22A liveable, equitable, prosperous and united GCR, Gauteng Vision 2055.A liveable, equitable, prosperous and united GCR,established through the combined efforts ofa developmental state, an engaged civil society and an active citizenry –together targeting the objectives ofequitable growth,sustainable development and infrastructure,social inclusivity and cohesion,and the necessary condition of good governance.
23Social Inclusivity and Cohesion Outcome 1: Quality basic educationGrowing skills gapLack of education resourcesYouth UnemploymentLiteracy, numeracy and science inadequaciesProvide access for children with disabilitiesLimited Access in Early Childhood DevelopmentKey InsightsImprove literacy, numeracy and science outcomesImprove resources in basic educationExpanded inclusivity through the development of full service schoolsIntegrate and universalise Grade RDevelopmental InterventionsECD nutrition programmeElectronic/online textbooksTax incentives to all that sponsor a students education Computer facilities in all schoolsFree tertiary education to allGame Changers
24Social Inclusivity and Cohesion Outcome 2: A long and healthy life for all South AfricansSocial Inclusivity and CohesionUnequal Healthcare SystemQuadruple Burden of DiseaseHigh rates of violenceUnderdeveloped Health ICTLow life expectancyNational Quality Assurance Standards underutilisedKey InsightsEncourage meaningful Public Private PartnershipsFinance Universal Healthcare CoveragePrioritise the development and management of effective data systemsIncrease life expectancyDevelopmental InterventionsImprove access to HIV/AIDS prevention and treatment servicesRequisite for more access to primary healthcare facilities in peri-urban areasImproved accessibility to health facilitiesLife orientation includes establishment and maintenance of food gardens in schoolsGame Changers
25Social Inclusivity and Cohesion Outcome 3: All people in South Africa are and feel safeSocial Inclusivity and CohesionHigh Crime RatePoverty and UnemploymentLack of training of policeCulture of ViolenceFocus on reactive Measures, rather than preventionPrevalence of social crimeKey InsightsSocial Crime PreventionDevelop crime prevention through environmental design strategiesStrengthen the criminal justice systemRehabilitation of prisoners and reducing recidivismDevelopmental InterventionsDevelop crime prevention through environmental design strategiesConsider building “half-way” houses to assist in the reintegration of offendersEstablishment of a real-time data and information trackingGame Changers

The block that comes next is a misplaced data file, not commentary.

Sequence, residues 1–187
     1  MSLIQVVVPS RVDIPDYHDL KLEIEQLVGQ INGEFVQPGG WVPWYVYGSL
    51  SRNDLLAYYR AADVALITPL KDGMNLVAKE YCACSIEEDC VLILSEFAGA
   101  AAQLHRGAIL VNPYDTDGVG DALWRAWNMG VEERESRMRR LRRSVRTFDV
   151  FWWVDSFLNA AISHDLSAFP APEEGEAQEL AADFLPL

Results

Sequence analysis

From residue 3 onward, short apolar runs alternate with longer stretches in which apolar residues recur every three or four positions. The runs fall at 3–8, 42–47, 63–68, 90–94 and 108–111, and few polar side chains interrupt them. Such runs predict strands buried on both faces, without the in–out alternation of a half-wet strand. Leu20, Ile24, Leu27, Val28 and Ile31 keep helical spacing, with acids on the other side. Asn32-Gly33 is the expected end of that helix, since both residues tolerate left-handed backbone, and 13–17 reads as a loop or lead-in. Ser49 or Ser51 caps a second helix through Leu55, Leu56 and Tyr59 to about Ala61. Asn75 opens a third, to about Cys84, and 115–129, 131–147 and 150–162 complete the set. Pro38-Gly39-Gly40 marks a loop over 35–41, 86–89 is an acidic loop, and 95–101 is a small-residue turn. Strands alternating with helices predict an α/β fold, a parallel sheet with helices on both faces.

26Social Inclusivity and Cohesion Outcome 7: Vibrant, equitable, sustainable rural communities contributing towards food security for allSocial Inclusivity and CohesionSpatial distortions in the spread of economic opportunityHigh levels of poverty and unemploymentPoor access to ServicesUnderutilised Agricultural landInadequate delivery of EducationFood Security at RiskKey InsightsAccess to Municipal ServicesExtend the Expanded Public Works ProgrammeConditional jobseekers allowanceInstitute clear state/civil society partnershipDevelopmental InterventionsDevelop agro-processing clustersPeri-urban Development StrategyCommunity food gardensGame Changers
27Social Inclusivity and Cohesion Outcome 13: An Inclusive and responsive social protection systemSocial Inclusivity and CohesionHistoric, social and economic divisionsHigh levels of Poverty & UnemploymentLack of Community ParticipationHigh incidence of Social PathologiesLack of a defined Social FloorFragmented Education ServicesKey InsightsBuild a transformative social protection floorRemove social pathologies as blockages to educationClose the gaps in social benefitsDevelopmental InterventionsProvision of social welfare servicesClose the gaps in social benefitsTrack & trace beneficiaries of EPWPBuild a transformative social protection floorGame Changers